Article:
I’d have to say the most stressful part of the job is managing others. It drives me insane. I want to be an easygoing and reasonable coordinator; but I get frantically impatient about deadlines, and giving a normal length deadline pains me. I’m all about getting things done on really short deadlines, but I don’t like imposing unreasonably short deadlines on others. So I’m always itching with anxiety that things aren’t getting done fast enough.
The readings are definitely what makes it all worthwhile. I love being able to go out for dinner with the poets beforehand, unwind over a relaxing meal at a classy restaurant, with an amazing reading to follow. And each reading has been amazing. Obviously there are inevitably poets you’ll like more than others, but I’ve been impressed by the work of each and every poet this Series has hosted. There are a lot of great poets out there; our Series exists to advertise that fact!
What do you love about poetry? How is the reading series a part of that? Why do you think poetry readings are important?
I love the lasting impact that poetry can have on a person. A poem, stanza, line, phrase, or single word, articulated just the right way, can impact a person on a visceral level. It can leave haunting impressions in that person’s mind that don’t go away. I first read Mary Oliver 4 years ago, and I still think of her works and am haunted by her thoughts expressed in verse up to this day. In a poetry reading, the effects of a poem are often enhanced; you’re hearing the narrative, from the lips of its creator. There’s a certain added effect to that. It makes readings these—I’ll be cheesy and say it—spiritual, even primal events. In all poetry, there is on some level a sense of the poet delving deep into an emotion or state of being, words ultimately attacking some baser fundamental aspect of existence. Poets at a reading are baring themselves to the audience, through their poetry, their written projection of their selves. It’s a pretty powerful experience, to me at least. And to skip ahead on questions hear, I’ve seen a similar epiphany in the eyes of many newcomers to our events. It’s particularly enjoyable on high school kids from our partner schools, coming to events with a pen and paper in hand to do an extra credit review. They start off slumped and bored, already prepared to be unimpressed; then, they get impressed. Within ten minutes, cell phones go away and they’re too intent of the reader to even jot notes down. I swear I’ve seen it! And I’ve seen many of these high school students come back to the next readings, and bring their friends.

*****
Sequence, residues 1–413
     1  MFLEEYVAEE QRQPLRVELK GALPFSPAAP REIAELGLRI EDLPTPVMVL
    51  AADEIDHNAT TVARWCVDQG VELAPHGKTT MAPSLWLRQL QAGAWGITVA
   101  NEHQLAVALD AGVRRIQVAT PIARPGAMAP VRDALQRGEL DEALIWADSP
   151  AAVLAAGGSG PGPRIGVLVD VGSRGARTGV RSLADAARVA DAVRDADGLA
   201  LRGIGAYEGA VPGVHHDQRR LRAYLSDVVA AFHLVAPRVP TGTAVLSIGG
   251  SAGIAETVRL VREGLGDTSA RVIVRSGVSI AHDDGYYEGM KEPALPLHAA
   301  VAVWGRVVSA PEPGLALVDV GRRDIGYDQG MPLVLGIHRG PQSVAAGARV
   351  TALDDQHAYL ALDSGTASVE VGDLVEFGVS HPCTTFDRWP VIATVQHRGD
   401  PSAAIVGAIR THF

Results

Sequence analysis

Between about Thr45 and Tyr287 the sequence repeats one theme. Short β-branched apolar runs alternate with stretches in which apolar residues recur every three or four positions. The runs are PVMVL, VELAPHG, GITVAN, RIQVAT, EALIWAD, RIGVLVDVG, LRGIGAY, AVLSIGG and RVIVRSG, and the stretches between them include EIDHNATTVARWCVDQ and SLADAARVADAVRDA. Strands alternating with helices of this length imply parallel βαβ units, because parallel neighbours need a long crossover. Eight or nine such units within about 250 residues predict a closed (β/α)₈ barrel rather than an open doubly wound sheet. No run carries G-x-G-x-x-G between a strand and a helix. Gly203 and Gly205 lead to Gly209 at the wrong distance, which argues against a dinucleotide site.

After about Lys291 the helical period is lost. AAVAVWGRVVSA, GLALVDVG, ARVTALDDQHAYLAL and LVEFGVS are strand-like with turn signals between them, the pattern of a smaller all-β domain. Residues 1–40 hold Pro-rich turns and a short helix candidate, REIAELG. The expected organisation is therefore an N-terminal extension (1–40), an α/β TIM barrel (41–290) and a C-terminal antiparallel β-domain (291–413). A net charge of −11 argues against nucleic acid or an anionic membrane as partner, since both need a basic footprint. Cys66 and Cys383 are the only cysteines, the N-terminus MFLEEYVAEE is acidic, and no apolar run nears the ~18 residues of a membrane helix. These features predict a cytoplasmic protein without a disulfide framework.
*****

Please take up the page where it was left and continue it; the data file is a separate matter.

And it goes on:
That’s why I think poetry readings are important. They’re an event where people can come to see/hear a beautiful thing. And seeing high school students come in and get hooked from just one reading is a remarkable thing to me, because poetry is something that many people will take for granted, or overlook, until they have given it a chance to move them. A poetry reading is that chance.
What has been one of your favorite moments in running the series? Any hilarious moments you’d like to share?
My favorite moments in running the Series have been walking into readings and seeing over ¾ of the seats in the bookstore full. Other favorite moments have been every time one of my interns gave a poet’s introduction and just nailed it, spot on, blew it way out of the water—mind you, they did that all the time! Lastly, my favorite moments were seeing the poets relaxed and happy at the end of the reading, getting the feel that they felt they’d had a successful night. It’s a good feeling to both support a poet in their field, and make their day.